NAICU Washington Update

House Convenes Hearing on College Accountability

April 10, 2019

The House Committee on Education & Labor conducted its second of five scheduled hearings related to the reauthorization of the Higher Education Act (HEA). The hearing, titled Strengthening Accountability in Higher Education to Better Serve Students and Taxpayers, focused primarily on the “accountability triad” and how the states, Congress, and the accrediting community can better work together to protect students and taxpayers from bad actor institutions of higher education. The hearing was held by the Subcommittee on Higher Education and Workforce, chaired by Rep. Susan Davis (D-CA) and Rep. Lloyd Smucker (R-PA), the ranking member.
In her opening statement, Rep. Davis focused on the poor student outcomes within the for-profit sector, as well as her opinion that excessive institutional spending on marketing and recruitment must be curtailed within the for-profit sector in order to protect students and taxpayers. In outlining her vision to strengthen institutional accountability, Rep. Davis stated her view that while outcomes data and consumer disclosures will be emphasized during the HEA reauthorization, “improving consumer information is in no way a substitute for accountability.”
Rep. Smucker took a different approach in laying out his vision of institutional accountability. Rep. Smucker criticized accreditors as being “often on the back foot, having to focus on bureaucratic compliance more than on promoting innovation and academic integrity.” He also called for reforms to the current model of higher education accreditation, as well as the need to provide consumers with information about metrics like graduation rates, debt, and employment outcomes at the program-level. Rep. Smucker reinforced many of the principles laid out in the PROSPER Act, the Republicans’ philosophical starting point for HEA reauthorization, which was introduced by House Republicans in December 2017.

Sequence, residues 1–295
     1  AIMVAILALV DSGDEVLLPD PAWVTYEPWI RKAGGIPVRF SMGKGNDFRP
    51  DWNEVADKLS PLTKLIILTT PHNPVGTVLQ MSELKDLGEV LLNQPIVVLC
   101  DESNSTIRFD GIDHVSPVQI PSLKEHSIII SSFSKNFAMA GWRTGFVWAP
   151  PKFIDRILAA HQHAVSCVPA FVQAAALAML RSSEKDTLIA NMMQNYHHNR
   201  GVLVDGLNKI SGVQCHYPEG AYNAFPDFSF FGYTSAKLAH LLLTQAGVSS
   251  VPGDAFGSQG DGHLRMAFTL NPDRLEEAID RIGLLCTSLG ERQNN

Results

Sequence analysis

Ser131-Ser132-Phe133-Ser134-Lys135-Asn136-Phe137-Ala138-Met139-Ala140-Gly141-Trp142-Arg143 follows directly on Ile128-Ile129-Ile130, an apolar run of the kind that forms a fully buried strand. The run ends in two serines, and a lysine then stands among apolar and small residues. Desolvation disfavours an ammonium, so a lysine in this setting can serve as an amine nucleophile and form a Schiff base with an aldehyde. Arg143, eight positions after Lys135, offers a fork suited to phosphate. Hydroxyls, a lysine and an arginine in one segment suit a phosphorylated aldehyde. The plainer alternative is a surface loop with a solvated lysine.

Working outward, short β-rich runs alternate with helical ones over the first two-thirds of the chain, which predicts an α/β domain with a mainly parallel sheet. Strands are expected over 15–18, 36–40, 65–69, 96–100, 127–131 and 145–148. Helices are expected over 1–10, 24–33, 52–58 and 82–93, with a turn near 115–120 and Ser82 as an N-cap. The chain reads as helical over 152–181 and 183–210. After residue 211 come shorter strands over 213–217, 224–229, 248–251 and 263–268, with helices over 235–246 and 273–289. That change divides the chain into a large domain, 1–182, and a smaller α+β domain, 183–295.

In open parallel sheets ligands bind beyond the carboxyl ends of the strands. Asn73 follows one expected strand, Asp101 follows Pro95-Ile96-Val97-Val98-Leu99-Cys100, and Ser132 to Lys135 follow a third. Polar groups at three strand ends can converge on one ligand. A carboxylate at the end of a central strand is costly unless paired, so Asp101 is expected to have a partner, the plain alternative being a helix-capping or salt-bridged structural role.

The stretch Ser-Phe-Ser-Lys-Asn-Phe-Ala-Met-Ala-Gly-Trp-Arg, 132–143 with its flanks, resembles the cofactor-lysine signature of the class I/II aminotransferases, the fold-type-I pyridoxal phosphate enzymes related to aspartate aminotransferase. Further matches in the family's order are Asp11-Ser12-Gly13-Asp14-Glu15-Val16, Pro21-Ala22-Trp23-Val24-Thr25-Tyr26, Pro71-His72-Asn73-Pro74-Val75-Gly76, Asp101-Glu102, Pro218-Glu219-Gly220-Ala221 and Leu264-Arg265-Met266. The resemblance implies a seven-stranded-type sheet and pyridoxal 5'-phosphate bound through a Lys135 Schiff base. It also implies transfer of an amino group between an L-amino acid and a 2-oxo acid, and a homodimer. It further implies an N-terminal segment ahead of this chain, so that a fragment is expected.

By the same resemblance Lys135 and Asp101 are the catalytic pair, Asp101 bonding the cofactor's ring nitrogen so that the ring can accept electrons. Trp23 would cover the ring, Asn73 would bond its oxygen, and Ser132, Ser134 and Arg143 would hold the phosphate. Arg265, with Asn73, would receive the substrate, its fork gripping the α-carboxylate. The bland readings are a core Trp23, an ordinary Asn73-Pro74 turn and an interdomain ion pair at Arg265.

During the question and answer period, Democrats on the panel mostly focused their questions on for-profit college accountability while Republicans emphasized the need to promote innovation as a means to encourage competition in the higher education marketplace. Notably, Rep. Smucker highlighted a recent GAO report calling into question the validity and efficacy of the financial responsibility standards composite scores. Rep. Smucker is interested in solutions to fix the scores, and the GAO witness noted that the Department of Education has the discretion and flexibility to make changes on its own.  Fixing the federal financial responsibility standards has been a longtime NAICU goal, as outlined in its 2012 report.
The chair of the full committee, Rep. Bobby Scott (D-VA), also stressed the need to revisit the cohort default rate as the primary institutional accountability metric given the “gaming” done by schools and consultants to avoid consequences.
The House will continue to hold hearings in the coming weeks and months. The Senate Health, Education, Labor, and Pensions Committee is also working through its process and plans to hold a similar accountability hearing on April 10.

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